The Daily Mail has put out a piece that reads like a press release. I suppose that’s like a lot of their web content.
However, this one attracted my attention as it was about animal testing.
It is based upon an investigation by the British Union for the Abolition of Vivisection, titled “The Ugly Truth”, about animal experiments on rabbits. These rabbits were being used for shock horror testing side effects of antibiotics, blood fillers and saline! Oh, the humanity!
BUAV complain that “the lab inflicted ‘appalling suffering’ on thousands of animals in tests that [were] ‘crude, archaic and extremely cruel’.” adding that the bunnies were “used over and over again for months at a time.”
However, this is not what this shall focus on. No, it was one of the nutty comments on the press release… I mean “article” that wound me up to no end.
Testing for vital drugs is, I suppose, ok. Testing for non-vital drugs or beauty products should be outlawed and anyone found doing such tests should eb subjected to it themselves.
– Ex-pat of Adelaide, Adelaide Australia, 17/4/2011 15:11
How can one judge whether a drug is vital or not? A drug may not appear vital to some, but absolutely, undeniably necessary for someone else.
Let’s take an example.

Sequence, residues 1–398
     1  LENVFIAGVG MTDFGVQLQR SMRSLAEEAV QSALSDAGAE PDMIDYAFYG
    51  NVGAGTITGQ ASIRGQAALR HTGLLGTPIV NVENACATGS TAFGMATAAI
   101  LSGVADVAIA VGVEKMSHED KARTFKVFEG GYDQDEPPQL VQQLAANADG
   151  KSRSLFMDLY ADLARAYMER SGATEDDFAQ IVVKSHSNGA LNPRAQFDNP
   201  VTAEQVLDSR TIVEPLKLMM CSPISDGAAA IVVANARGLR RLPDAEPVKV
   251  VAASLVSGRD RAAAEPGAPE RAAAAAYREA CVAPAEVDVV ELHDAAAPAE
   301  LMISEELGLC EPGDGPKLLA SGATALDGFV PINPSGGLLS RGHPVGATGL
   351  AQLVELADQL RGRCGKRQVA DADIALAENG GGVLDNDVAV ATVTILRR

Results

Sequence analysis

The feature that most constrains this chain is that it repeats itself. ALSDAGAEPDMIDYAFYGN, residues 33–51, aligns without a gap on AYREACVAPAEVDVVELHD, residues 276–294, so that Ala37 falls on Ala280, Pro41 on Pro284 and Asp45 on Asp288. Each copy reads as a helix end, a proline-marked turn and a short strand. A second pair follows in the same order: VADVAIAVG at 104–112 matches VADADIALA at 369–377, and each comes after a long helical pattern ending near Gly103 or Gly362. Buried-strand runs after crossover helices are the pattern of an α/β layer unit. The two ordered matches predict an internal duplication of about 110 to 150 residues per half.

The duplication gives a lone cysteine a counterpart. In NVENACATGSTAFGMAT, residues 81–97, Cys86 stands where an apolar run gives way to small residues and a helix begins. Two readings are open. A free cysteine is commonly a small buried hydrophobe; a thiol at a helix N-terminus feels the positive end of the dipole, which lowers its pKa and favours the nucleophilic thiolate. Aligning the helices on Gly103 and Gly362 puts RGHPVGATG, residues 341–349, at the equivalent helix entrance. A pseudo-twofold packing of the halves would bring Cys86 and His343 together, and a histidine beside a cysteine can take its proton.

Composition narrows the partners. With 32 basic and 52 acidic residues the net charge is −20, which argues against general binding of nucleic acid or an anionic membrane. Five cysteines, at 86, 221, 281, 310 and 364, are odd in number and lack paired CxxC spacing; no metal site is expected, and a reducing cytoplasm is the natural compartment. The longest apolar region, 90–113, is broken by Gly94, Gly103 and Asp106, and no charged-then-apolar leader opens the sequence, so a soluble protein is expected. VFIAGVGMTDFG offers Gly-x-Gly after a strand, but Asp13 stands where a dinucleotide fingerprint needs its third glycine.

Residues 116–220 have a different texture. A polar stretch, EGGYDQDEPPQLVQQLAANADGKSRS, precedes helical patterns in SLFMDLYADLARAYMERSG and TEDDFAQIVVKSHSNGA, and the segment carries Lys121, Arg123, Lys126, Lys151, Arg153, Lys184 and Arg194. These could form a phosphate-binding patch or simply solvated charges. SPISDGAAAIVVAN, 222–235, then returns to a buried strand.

For me, my medicines are vital. They allow me to function on a day to day basis without fear of excruciating abdominal pain, very unpleasant bowel movements and extreme fatigue.
However, I could still “live” without them. My life is not in immediate danger without them.
Therefore, I’m sure that in some people’s eyes they would class as non-vital.
On the flip side from my situation, there are people for who these drugs would be classed as absolutely vital in anyone’s eyes – people with severe Crohn’s disease. People who could quite plausibly die without treatment.
Therefore, the animal testing would have to be done on these vital drugs, even in the eyes of people like Ex-pat of Adelaide
The main issue comes from the definition of vital. Does it include people who would not function on a daily basis without the drug or is it strictly limited to life and death situations? Could it include someone with a headache that stops them doing whatever they want for an hour or two?
Another reason that this is an irresponsibly stupid thing to say is that we do not know every single disease each drug will treat when they are developed and therefore, cannot know how vital they may be. Take the drug ibuprofen. Originally developed as a painkiller, it was realised that it could be used to treat patent ductus arteriosus – a condition where a newborn baby’s ductus arteriosus fails to close after birth. This condition can lead to heart failure. Something not as apparently vital in the first instance has become something which can save lives. Ibuprofen is not the only drug this has happened with and I doubt it will be the last.
I suppose what I’m trying to say is that you could make the case for any drugs being vital.
Whether it be aspirin, methotrexate, infliximab or zidovudine – these drugs have been vital to someone, whether it be to treat a headache or stop HIV taking a greater hold in their body.
For all these reasons, and undoubtedly more, it is silly and unethical to call a drug not vital and therefore refuse to do testing on it.